Internet Memes Spread Viral Amusement

Happy face emoticon. iStockphoto.com i i
iStockphoto.com
Happy face emoticon. iStockphoto.com
iStockphoto.com

From the moment a Carnegie Mellon researcher figured out that a colon and a parenthesis could make a face, the Internet has provided its own unique additions to popular culture. Lolcats, Rickrolling and Star Wars kid are just a few examples of an entirely new form of culture that came into its own over the past decade: the Internet meme.

Internet memes are basically nonsensical inside jokes that spiral off through the Web. For example, you might have been sent a link to see a video of, say, Nancy Pelosi's cats. And right in the middle, the whole video might change to a 1987 video of Rick Astley singing "Never Gonna Give You Up." That's the classic online prank known as "Rickrolling" –- tricking the user into watching something they didn't mean to see.

"The emoticon, that sideways smiley — that's kind of the first Internet meme," Kenyatta Cheese tells NPR's Guy Raz. Cheese is co-founder of knowyourmeme.com. He says Internet memes got their start in the early '80s with online bulletin board systems.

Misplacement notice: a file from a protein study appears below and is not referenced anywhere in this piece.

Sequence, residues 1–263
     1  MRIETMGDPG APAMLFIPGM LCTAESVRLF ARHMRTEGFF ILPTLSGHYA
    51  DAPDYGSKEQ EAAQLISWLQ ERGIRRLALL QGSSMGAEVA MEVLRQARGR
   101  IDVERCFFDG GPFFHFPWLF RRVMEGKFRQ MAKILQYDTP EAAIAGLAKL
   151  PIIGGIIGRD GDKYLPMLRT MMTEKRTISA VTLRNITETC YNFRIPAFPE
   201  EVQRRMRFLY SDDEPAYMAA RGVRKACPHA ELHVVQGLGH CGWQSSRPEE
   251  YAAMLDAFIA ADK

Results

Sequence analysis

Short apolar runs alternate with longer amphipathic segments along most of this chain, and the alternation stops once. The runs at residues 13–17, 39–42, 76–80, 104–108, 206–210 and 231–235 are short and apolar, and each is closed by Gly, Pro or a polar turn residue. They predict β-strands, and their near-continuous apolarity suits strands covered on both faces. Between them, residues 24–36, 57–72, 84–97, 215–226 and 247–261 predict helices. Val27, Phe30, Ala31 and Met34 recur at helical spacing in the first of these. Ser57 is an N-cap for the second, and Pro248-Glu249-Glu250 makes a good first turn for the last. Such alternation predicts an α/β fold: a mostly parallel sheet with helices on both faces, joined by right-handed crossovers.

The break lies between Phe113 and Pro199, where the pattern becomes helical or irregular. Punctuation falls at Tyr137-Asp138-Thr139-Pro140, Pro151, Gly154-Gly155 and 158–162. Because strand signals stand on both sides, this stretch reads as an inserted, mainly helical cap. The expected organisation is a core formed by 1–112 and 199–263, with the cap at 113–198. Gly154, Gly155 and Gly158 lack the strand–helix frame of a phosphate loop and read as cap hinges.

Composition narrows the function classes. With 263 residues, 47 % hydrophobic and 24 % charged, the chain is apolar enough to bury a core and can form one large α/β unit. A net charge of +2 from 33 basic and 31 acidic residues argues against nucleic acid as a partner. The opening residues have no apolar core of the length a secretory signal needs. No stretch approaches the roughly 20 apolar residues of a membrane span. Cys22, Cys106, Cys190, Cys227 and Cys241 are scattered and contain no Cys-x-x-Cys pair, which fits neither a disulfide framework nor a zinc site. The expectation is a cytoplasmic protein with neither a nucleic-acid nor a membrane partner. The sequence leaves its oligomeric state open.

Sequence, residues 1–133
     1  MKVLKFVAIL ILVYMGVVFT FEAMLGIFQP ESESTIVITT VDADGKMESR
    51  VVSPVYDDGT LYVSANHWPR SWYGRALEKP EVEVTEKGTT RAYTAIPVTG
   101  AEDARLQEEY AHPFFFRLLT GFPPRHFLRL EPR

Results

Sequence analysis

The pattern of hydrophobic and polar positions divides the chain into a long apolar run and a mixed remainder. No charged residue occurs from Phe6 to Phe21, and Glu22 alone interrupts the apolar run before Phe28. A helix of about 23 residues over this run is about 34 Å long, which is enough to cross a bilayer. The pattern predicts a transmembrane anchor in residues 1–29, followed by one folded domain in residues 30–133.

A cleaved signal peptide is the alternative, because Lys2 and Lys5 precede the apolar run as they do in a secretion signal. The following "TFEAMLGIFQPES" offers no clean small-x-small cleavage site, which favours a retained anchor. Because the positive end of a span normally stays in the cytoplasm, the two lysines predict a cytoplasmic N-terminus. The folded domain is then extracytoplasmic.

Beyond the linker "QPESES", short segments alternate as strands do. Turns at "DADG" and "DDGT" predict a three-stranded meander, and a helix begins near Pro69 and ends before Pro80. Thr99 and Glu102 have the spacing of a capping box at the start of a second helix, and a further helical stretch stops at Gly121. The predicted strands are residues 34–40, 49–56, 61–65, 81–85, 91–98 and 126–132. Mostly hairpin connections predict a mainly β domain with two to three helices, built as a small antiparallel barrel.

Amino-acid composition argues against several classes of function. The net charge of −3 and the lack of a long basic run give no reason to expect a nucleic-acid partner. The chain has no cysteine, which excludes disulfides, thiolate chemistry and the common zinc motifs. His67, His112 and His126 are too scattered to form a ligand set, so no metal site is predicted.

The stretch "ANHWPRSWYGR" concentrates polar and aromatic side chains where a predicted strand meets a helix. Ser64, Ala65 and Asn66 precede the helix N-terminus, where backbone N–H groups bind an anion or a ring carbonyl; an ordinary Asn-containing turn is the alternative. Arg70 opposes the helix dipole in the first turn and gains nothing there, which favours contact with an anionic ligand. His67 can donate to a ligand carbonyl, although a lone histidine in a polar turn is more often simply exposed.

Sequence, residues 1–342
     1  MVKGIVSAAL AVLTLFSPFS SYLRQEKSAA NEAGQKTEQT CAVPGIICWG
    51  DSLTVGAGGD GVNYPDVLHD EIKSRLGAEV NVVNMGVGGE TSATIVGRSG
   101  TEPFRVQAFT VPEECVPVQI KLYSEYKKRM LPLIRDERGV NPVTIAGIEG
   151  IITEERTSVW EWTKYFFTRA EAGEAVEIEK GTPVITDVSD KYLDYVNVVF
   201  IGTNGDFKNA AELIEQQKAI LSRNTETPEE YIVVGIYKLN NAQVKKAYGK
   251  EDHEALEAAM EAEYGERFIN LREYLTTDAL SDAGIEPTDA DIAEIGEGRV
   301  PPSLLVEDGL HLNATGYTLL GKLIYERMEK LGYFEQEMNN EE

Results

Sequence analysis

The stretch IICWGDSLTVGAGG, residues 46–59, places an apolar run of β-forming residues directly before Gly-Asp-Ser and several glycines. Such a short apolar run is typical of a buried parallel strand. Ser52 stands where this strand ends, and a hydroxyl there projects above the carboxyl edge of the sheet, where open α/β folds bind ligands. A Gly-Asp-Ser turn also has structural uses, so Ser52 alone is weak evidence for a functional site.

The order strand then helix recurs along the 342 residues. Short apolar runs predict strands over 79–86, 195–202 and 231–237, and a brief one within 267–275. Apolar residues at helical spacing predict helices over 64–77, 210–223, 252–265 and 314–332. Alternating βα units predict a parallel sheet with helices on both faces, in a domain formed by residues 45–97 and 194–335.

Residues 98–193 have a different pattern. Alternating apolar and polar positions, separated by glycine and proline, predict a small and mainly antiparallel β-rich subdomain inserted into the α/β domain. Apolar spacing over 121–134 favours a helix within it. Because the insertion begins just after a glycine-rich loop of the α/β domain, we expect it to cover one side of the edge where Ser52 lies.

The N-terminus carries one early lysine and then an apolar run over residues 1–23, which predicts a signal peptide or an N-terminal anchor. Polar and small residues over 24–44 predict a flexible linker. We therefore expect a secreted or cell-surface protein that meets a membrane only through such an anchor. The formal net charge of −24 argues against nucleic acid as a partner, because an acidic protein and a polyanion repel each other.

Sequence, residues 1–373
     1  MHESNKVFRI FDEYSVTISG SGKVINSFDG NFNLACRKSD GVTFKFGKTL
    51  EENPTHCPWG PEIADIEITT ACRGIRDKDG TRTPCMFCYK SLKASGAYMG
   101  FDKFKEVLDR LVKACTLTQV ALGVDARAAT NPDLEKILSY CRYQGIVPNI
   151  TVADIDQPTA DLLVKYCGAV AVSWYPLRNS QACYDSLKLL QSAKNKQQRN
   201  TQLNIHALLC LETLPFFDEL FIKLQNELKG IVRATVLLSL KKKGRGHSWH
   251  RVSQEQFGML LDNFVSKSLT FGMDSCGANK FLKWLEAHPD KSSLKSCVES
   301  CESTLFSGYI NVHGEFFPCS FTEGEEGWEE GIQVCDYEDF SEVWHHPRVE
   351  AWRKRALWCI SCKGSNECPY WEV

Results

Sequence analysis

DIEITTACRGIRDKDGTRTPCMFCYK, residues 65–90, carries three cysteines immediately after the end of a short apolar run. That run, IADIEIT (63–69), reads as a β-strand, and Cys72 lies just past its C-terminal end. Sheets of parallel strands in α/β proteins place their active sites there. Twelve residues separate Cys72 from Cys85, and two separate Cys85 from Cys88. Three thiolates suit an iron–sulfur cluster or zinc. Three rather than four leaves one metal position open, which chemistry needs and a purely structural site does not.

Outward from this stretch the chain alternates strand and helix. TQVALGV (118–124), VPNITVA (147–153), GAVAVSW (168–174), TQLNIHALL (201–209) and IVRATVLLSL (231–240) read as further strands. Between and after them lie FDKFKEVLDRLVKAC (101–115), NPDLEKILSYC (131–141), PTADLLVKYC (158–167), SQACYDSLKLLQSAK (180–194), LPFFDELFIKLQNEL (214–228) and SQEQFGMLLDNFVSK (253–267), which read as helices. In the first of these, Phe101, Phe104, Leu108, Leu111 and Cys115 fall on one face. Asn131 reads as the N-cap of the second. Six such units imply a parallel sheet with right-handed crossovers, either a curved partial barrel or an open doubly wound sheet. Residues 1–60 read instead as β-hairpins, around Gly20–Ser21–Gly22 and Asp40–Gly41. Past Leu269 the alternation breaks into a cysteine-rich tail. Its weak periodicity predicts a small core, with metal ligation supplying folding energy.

"People would meet and kind of talk about stuff and jokes would emerge that only made sense in the context of the bulletin board," Cheese says.

These days the most successful memes tend to cluster around certain subjects. "Cute babies, cute pets and violence," Cheese says.

"Internet memes is a new space that kind of occupies a place that television can't. That newspapers can't," he says. "It requires people to go out and create the culture themselves. And, honestly, I have a lot more fun creating culture and spreading it as opposed to the just sitting back and watching TV."

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